block one and two courses cause more frustration and few transferrable skills for majors who must schedule classes that do not directly benefit their futures.
Students who major or double major in the college of arts and sciences face a dilemma every semester when choosing classes: they are required to take four block two classes, titled “Historical and Social Interpretation” and two block one classes, “Aesthetic Inquiry and Creative Expression.” These often include classes that count for their major and cannot be cross-listed as counting for the blocks. If someone has two majors that fall into the same category as block twos, their options are severely limited.
Out of the limited options, then, people can choose from subjects that at best are personally interesting to students and academically relevant, and at worst offer nothing that they cannot learn in their major classes and they chose because it was a class that fit into their schedule.
What can be learned from a block two? Theories on a subject that the student will never study, kinds of analysis that are common and they likely already use and how to skim the readings to get a sense for the meaning without investing undo time—a legitimate skill that students use in their major classes anyway in order to use their time efficiently. There are very few legitimately transferrable skills found in block twos.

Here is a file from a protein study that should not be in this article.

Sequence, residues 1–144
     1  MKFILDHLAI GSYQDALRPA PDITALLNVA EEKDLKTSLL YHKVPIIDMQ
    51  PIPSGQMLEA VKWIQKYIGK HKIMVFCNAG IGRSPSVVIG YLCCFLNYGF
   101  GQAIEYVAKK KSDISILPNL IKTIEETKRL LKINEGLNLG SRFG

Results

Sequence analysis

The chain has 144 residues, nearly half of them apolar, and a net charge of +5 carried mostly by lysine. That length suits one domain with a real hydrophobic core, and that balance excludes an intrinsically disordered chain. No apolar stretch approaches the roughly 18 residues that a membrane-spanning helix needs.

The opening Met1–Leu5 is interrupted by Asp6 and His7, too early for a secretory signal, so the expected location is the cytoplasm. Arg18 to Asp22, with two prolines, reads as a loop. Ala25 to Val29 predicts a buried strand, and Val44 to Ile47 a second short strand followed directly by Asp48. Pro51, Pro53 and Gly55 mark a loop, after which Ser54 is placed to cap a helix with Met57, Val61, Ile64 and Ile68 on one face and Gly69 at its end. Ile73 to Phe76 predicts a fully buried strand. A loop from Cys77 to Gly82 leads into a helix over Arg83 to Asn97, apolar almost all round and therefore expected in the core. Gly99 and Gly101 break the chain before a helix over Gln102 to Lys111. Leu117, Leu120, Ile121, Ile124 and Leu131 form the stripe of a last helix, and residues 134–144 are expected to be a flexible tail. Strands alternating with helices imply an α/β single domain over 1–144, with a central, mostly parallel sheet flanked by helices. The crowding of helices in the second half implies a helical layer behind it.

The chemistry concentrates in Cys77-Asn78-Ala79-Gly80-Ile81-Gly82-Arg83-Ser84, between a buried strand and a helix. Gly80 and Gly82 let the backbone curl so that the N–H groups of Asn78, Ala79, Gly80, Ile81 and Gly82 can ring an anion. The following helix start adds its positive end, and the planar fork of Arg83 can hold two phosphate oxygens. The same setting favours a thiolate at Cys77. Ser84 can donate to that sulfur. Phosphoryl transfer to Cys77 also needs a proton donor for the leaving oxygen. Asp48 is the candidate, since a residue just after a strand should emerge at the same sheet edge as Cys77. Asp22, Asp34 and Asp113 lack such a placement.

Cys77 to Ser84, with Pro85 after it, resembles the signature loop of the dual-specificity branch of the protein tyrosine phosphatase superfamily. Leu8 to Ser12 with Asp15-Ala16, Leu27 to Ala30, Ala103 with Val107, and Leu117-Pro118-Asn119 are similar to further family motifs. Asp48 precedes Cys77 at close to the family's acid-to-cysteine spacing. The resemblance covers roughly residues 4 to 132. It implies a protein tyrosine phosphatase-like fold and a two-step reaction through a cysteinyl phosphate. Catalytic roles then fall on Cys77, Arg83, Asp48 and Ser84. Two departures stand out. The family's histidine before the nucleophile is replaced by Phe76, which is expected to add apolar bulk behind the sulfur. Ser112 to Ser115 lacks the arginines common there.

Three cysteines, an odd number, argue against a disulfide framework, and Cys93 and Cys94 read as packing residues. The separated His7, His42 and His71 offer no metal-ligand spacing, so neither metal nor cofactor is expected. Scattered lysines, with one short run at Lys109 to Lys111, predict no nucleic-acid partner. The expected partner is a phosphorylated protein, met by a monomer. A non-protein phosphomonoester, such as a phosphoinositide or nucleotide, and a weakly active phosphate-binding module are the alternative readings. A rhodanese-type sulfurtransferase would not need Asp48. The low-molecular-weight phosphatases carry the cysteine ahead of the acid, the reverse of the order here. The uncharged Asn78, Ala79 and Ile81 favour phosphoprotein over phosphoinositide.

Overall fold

This is not to say that block one and two classes are not worthwhile in their own right, only that they are not useful for everyone. For instance, they are not useful for people whose major requirements consist of the block classes offered. The process is needlessly frustrating and redundant.
The college of engineering and natural sciences does not require their students to take block threes, “Scientific Investigation.” These students do enough scientific investigation in their time here to avoid taking classes that are only tangentially related and extremely limited because they have to be different than the classes used for their major. The college of arts and sciences should take their cues from engineering and natural sciences and limit or stop requiring students to take block classes that do not include their major in the block one (which include classes for English, philosophy and other majors) or block two (political science, media studies and other majors).
Perhaps, if that is too much, the University of Tulsa could allow students to count block classes as both a block and major class if the class fulfills both of those requirements on paper. This solution respects students’ time and their chosen area of focus. After all, if students are willing to invest thousands of dollars and years of their life in their education, they might as well study the things that are useful to their future careers.
If students want to take miscellaneous classes, they can add a minor or take the class in their spare time in a semester. Students who willingly take these classes will be more passionate and invested in the course. They would not lose out on theories or learning strategies that they wouldn’t learn in their own major by not taking these block classes.
Block courses exist, in theory, to give students a more well-rounded education. In practice, that education is only stifled by the extra requirements. Arts and sciences would do students a service by using the same rules imposed on engineering and natural sciences students and lowering the block class requirements.